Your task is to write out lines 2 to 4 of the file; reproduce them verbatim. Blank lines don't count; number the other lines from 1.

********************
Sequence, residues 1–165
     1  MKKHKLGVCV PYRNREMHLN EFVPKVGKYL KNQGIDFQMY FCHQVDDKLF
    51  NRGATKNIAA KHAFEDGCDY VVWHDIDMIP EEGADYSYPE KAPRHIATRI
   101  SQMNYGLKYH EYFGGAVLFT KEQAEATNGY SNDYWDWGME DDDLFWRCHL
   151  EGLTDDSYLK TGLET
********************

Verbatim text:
     1  MKKHKLGVCV PYRNREMHLN EFVPKVGKYL KNQGIDFQMY FCHQVDDKLF
    51  NRGATKNIAA KHAFEDGCDY VVWHDIDMIP EEGADYSYPE KAPRHIATRI
   101  SQMNYGLKYH EYFGGAVLFT KEQAEATNGY SNDYWDWGME DDDLFWRCHL